By the time 3:30 pm rolls around, patients have been seen by a general practitioner, a pediatrician, a cardiologist, a dentist, an otolaryngologist, optometrists and an ophthalmologist. Arup Roy has coordinated ECG tests conducted by a technician for each person who needed the sophisticated diagnostic procedure performed. Over two hundred and fifty villagers who have no access to quality health care have received care from leading specialists from the big city. They have now started to make their way home by foot on the narrow packed red dirt lanes. Some have climbed on to the back of a cart being pulled by a bicycle. There also is the occasional motorized rickshaw to take people further. The mass of humanity assembled for the day is melting back into the country side, hopefully just a little bit healthier than when the day started.
Uddyom volunteers like Krishnendu Chakraborty, Arindam Bakshi, Mukut Mitra and Souvik Sarkar have set aside their occupations for a day: building one of the tallest buildings in the city, building financial infrastructure for the government, looking after a construction business in our neighbouring state of Jharkhand or ensuring aircraft safety for a major airline. Their families, including young children, have participated at full throttle throughout the day. With the day’s work almost done, the volunteers eat a late lunch in small groups. Conversation is a mix of observations, highlights, flaws that need to be fixed the next time. But inevitably, the conversation also carries threads of a long, thirty-five year long, friendship, familiarity, and camaraderie. We have known each other’s parents for almost as long as our own. We have been friends with the group of partners we have in our wives since before we were married to them. We have adored each other’s children since before they were born.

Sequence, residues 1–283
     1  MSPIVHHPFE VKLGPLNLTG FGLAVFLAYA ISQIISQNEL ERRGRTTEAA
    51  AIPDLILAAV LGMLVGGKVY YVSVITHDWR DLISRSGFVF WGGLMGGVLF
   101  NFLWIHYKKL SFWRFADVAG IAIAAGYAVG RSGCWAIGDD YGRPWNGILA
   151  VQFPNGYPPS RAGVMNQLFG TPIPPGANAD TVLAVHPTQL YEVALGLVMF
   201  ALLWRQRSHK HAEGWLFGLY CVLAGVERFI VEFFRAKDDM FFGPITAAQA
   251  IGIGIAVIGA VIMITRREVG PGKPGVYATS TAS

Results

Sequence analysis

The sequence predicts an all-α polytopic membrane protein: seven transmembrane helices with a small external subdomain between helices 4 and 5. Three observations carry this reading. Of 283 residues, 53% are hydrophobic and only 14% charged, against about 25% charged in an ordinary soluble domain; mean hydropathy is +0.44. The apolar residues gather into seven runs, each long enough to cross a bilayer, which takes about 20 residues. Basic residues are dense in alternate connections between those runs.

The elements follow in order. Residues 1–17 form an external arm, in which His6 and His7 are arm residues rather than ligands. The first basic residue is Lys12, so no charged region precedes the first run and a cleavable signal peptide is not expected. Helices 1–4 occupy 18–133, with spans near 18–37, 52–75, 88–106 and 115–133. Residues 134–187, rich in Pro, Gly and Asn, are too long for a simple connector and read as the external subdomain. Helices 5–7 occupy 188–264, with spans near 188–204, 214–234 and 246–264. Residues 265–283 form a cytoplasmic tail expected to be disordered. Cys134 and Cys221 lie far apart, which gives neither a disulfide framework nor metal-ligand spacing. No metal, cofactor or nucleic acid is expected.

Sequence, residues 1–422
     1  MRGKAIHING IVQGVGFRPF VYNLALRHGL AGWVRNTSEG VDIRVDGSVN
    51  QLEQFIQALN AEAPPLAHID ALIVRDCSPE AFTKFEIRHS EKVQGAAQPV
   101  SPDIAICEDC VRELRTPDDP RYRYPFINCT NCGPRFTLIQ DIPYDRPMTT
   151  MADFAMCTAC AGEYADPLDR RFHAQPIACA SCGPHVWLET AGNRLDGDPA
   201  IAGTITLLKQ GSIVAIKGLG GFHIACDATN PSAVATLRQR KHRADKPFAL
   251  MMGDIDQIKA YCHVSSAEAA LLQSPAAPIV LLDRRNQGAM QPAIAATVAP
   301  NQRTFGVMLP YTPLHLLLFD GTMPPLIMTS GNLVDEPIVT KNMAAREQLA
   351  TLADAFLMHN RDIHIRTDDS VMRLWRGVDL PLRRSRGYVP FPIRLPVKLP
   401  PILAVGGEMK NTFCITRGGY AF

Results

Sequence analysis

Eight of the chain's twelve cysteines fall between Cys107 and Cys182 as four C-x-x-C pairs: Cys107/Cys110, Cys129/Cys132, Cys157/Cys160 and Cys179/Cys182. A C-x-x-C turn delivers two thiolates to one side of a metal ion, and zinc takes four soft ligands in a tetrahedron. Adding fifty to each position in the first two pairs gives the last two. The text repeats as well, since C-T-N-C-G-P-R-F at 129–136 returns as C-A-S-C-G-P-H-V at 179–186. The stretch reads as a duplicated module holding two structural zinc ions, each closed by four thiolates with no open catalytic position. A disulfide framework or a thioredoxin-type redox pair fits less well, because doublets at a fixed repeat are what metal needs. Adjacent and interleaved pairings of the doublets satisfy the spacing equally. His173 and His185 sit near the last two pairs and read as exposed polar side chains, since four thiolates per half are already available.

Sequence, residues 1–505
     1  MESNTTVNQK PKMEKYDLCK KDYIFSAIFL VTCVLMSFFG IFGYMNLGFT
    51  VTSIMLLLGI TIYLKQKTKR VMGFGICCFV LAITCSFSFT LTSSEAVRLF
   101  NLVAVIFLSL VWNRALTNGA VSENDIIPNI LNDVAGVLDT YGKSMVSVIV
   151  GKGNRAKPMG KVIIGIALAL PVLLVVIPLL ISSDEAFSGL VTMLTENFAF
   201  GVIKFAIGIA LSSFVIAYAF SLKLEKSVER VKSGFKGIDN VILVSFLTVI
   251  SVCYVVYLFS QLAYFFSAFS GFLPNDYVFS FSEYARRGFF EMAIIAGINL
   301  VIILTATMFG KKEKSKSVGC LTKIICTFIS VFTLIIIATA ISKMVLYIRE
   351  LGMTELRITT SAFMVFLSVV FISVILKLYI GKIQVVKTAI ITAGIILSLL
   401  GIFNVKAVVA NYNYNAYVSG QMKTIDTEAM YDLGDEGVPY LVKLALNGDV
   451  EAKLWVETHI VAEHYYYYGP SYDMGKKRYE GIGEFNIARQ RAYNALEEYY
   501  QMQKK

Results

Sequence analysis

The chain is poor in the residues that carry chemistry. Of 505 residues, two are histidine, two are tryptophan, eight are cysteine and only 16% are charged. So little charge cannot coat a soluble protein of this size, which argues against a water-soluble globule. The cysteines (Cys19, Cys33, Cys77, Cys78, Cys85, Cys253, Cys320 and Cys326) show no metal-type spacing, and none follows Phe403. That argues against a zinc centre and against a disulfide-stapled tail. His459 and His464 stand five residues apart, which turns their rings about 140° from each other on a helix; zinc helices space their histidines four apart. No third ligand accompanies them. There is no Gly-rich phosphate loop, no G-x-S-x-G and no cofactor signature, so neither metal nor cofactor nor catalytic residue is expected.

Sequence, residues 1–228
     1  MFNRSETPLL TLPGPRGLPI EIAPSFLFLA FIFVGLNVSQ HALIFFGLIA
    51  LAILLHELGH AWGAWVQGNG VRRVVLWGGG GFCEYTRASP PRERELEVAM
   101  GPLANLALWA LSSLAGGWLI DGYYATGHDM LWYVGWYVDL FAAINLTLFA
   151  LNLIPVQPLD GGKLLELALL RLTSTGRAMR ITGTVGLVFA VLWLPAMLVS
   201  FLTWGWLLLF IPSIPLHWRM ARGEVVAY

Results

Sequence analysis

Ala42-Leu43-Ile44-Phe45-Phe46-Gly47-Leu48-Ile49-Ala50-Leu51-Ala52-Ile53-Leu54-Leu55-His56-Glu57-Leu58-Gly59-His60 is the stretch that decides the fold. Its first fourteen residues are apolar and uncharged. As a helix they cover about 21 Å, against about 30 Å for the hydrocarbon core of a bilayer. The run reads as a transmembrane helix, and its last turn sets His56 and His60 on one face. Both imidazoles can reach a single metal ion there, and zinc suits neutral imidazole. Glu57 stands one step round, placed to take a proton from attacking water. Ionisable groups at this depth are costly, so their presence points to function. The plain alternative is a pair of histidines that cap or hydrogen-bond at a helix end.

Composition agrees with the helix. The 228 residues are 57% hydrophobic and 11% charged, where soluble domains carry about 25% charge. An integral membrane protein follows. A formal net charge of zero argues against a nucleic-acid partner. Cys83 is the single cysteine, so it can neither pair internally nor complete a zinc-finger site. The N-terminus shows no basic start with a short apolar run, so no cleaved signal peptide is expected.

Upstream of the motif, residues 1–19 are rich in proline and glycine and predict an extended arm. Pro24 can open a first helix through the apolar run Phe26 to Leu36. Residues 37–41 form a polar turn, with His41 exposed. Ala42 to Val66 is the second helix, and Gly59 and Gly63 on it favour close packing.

Every Uddyom adventure has a hero. A hero whose stories will be repeated forever hence. We are back in the hero for this adventure – the big yellow bus that was stuck at the railway crossing, then overshot the mark, but finally got us to our destination. The bus has had an eventful day. It was late to arrive at the pickup point. Curses were hurled at it as groups and families waited at various points of the route to be picked up. When just about everyone had been picked up and we were finally gathering steam, it blew a tire. Then the jack to raise the bus was not high enough to put on the spare that looked like it was made and remade before the British left India. Somehow that too was overcome. At the end of the day, a large branch of a tree had to be cut down for the yellow bus to turn around so it could bring us home.
We are in it now. Victory signs are flashed for one last photograph as we speed back towards the city. The setting sun hangs just above the green fields like a ripe winter orange. Conversation is picking up. Satisfaction is expressed in spades, but never in a self-congratulatory tone. Even bigger plans are hatched. Always, even bigger plans are hatched. Slowly conversation shifts to the familiar, to the usual, and the customary. Old stories from our school days that have been told and retold countless times, but have never lost their luster, are told one more time. Even our wives and children who have heard these stories almost as many times still laugh at them. Life is not complicated for a band of brothers in this oasis. Is this why we formed Uddyom? Is it all about us? The answer is simple – no it is not. We have our oasis and no one will ever take it away from us. Uddyom is about spreading this blessing and incredible good luck to the less fortunate. Uddyom is about sharing our joy and serving humankind. Uddyom – the enterprise only increases our uddyom – our enthusiasm for it. Until next time; Remember even bigger plans are being hatched – always.